Why Work for BP3?

Against this backdrop, we’re being approached every week by people who want to work with BP3.  And our colleagues refer additional people our way every week.  In fact, we just hired another great asset for our team last week. In a previous post we made the case for why customers work with BP3:  we’re in the business of selling success. But why do BPM experts and people interested in BPM want to work for BP3? So why do these highly skilled professionals want to work with BP3?
  1. We live eat and breathe BPM.  This isn’t a fad or hobby for us, this is our livelihood and our career.  We understand why BPM expertise is differentiated.  Prospective employees and contractors understand that if they work with us it will improve their own brand in the industry by association.
  2. We’re invested in the success of our team.  We want our staff to be successful.  We’re working on long-term relationships with our clients, and as a result – when we put someone on our project, we continue to provide technical and project management support, not to mention support through managing the customer relationship.
  3. We don’t squeeze our folks on salaries and rates just because the economy is challenged.  We want to be working with our staff for a long time, and we know BPM is going to be in demand for years to come.  We’re not so short-sighted as to put the squeeze on people at the first sign of trouble.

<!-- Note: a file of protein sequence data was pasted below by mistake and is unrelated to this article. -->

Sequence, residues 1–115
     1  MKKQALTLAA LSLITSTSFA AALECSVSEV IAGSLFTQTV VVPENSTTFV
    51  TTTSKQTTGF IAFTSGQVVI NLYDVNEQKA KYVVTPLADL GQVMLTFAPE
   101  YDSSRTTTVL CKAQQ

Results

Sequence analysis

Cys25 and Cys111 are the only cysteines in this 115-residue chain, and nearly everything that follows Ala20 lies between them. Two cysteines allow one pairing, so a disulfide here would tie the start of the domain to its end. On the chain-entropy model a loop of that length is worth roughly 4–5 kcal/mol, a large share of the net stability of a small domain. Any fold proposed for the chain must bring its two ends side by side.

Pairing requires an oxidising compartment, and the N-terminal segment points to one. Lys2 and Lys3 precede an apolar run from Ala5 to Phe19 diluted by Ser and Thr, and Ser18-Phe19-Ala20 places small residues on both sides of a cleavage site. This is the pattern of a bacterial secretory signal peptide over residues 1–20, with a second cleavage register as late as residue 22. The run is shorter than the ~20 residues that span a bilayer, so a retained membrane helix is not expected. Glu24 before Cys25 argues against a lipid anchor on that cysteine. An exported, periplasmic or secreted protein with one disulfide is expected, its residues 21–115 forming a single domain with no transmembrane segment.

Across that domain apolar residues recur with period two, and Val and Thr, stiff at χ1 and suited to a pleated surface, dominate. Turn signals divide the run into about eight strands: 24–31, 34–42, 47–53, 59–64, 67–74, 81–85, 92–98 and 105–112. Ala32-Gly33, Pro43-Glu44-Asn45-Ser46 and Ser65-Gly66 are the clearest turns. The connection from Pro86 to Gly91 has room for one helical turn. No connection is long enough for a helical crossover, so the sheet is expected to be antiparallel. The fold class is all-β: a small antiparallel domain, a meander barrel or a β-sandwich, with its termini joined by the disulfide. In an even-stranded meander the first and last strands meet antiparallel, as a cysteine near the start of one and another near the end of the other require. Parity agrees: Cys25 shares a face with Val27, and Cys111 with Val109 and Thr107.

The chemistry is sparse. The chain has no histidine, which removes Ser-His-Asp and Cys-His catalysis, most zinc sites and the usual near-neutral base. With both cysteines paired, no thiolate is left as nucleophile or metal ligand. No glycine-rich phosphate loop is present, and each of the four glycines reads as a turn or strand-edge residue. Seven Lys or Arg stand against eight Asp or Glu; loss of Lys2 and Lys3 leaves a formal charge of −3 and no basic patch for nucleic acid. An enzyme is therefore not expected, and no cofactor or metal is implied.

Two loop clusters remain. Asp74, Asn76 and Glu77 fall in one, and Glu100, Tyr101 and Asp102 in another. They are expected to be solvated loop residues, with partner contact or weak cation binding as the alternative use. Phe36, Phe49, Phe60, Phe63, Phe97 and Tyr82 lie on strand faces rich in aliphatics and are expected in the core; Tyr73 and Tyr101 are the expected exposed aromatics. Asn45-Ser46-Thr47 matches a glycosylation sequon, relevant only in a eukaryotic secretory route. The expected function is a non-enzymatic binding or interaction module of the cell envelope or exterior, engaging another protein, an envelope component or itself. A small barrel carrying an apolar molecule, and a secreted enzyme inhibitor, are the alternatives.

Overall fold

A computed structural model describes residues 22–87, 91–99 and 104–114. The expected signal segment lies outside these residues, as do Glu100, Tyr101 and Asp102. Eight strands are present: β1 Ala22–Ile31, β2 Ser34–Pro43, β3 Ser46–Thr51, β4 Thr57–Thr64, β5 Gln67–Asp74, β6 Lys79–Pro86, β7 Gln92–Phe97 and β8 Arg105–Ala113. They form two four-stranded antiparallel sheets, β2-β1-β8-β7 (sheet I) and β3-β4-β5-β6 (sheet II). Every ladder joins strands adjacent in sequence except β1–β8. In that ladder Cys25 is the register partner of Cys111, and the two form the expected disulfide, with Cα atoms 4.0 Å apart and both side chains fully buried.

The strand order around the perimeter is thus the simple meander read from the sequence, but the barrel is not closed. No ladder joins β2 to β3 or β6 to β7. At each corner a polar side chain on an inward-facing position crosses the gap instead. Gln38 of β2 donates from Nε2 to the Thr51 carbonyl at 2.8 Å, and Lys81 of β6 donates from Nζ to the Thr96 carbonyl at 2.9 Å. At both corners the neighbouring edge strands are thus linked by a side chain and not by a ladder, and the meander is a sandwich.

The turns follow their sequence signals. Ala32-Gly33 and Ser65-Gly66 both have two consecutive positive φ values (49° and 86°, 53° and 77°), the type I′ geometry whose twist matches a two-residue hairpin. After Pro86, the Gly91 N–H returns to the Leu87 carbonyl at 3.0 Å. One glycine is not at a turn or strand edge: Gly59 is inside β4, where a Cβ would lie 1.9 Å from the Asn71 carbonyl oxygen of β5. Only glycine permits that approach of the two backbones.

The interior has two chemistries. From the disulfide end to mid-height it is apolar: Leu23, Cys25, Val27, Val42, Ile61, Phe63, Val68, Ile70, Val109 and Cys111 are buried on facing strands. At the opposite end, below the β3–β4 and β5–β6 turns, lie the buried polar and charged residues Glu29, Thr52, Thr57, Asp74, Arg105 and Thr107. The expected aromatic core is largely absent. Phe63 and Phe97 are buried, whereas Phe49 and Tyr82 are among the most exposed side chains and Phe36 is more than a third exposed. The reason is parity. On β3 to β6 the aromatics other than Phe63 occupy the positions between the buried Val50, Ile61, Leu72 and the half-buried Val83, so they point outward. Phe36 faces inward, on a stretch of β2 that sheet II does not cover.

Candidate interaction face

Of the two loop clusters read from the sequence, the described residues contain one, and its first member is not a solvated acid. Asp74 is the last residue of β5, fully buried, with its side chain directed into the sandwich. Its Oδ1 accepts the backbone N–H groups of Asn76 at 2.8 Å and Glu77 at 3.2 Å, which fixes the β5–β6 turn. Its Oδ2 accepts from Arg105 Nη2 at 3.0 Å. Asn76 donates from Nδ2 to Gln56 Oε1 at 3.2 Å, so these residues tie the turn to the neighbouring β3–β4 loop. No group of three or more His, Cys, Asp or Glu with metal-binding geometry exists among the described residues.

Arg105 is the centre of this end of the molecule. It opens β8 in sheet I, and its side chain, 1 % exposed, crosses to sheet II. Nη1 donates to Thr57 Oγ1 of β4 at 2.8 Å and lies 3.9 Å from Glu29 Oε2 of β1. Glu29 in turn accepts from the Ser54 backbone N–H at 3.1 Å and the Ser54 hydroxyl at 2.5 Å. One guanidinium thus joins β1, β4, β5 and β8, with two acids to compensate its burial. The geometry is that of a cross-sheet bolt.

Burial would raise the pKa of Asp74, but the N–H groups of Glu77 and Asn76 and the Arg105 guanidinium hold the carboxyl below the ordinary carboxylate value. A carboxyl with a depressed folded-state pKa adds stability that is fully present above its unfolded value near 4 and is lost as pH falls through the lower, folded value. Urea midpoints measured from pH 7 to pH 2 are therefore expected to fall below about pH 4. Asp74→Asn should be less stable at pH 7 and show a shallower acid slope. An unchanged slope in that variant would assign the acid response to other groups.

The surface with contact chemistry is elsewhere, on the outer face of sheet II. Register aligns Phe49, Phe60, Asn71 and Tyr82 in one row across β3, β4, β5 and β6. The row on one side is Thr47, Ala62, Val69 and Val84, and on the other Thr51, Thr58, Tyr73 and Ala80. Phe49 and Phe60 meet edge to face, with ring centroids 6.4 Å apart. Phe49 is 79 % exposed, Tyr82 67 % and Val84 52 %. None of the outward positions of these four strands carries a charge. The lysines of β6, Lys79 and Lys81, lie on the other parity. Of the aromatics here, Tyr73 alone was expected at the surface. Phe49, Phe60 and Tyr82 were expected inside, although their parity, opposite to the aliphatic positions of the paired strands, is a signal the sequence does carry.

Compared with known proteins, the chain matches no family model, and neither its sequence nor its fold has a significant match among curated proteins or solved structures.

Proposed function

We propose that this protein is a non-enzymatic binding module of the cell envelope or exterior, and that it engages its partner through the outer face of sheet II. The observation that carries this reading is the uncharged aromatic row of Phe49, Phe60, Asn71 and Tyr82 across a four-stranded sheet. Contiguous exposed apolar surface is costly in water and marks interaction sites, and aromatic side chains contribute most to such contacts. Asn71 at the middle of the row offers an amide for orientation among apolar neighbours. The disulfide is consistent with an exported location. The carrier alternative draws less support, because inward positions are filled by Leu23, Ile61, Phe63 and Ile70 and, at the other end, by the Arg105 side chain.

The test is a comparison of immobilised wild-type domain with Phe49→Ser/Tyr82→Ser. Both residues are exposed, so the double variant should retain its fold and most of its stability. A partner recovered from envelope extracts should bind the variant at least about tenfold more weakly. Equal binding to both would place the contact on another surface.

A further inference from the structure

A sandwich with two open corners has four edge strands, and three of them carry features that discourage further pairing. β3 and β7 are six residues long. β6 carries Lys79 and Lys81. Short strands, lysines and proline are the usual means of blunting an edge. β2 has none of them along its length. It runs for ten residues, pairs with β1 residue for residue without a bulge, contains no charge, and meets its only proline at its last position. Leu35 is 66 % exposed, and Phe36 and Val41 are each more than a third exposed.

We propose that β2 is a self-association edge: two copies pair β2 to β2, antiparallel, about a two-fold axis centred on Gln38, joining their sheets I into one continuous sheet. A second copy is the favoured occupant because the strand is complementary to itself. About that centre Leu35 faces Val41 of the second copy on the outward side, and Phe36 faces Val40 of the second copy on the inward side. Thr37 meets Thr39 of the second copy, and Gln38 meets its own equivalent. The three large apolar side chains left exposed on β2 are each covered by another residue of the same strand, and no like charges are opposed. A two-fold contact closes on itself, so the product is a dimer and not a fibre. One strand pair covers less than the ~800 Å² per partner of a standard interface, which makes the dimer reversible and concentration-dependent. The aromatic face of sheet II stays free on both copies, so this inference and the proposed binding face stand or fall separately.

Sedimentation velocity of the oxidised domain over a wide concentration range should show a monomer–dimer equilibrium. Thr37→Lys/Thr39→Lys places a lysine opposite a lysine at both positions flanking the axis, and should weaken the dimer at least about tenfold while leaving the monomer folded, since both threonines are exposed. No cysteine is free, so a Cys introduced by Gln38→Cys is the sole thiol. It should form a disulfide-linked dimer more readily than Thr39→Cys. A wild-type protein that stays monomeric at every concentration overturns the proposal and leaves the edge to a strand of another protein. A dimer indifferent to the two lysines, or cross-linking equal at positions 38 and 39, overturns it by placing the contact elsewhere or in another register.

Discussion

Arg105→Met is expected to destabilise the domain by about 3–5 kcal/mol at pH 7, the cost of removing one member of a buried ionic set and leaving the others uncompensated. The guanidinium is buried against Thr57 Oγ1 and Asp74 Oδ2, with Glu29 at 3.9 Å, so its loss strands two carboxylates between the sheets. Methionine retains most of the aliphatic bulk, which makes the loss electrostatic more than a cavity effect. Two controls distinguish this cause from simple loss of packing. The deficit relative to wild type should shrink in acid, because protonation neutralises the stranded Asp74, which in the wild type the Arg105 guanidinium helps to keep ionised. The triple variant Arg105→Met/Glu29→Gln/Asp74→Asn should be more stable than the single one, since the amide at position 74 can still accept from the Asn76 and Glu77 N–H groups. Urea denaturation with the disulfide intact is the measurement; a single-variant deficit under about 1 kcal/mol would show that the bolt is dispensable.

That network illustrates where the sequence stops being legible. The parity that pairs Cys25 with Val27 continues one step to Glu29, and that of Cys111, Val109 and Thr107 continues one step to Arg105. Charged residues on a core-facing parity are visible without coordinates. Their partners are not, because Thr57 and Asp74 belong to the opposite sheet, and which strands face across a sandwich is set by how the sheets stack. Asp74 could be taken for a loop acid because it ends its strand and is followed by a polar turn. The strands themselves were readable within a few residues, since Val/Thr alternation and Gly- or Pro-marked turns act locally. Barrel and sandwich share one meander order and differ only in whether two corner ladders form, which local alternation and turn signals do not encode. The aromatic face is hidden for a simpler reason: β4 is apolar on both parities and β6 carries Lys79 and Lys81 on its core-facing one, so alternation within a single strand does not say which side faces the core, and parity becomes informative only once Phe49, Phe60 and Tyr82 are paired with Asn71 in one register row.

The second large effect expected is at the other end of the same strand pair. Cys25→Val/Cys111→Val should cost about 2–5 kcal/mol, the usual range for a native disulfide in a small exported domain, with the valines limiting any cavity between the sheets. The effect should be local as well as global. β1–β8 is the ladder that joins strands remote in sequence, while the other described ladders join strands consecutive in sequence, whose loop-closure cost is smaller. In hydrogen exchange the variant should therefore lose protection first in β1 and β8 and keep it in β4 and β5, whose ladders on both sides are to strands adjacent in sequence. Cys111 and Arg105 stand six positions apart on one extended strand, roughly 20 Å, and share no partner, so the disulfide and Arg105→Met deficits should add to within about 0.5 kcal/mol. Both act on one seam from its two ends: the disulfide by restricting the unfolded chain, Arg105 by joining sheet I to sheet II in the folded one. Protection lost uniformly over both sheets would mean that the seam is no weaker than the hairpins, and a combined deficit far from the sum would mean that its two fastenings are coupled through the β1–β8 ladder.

4. We represent our colleagues well to the customer.  We help our customers understand the strengths and fit of our consultants.  We help work out a travel schedule that works for both parties.  We provide video conferencing capabilities from our home office to help enable effective remote work.
  5. When the going gets tough, we help.  We’re BPM experts.  We can help with the technical lifting, and we can help with process improvement consulting.  We can help get a project that is off the rails, back on track.  And our customers know that we’re there to help.  Its part of why they keep coming back to work with us.
  6. We have a good reputation.  I believe we have a good reputation for fair dealing, for being good to work with and for.  We also have a good reputation in the BPM market as experts in our field.  It isn’t our first time to the rodeo.
  7. Our business is growing.  Despite the economy, we’re growing in the face of it and staying focused on our key value driver:  making customers successful with their BPM projects.
If you’re a BPM practitioner, BP3 is a great firm to work for.  If you’re a BPM customer, BP3 is a great firm to work with.  We’re not your only option, but we’re trying hard to be your best option.
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  • Well, start an office in The Netherlands!

    :-)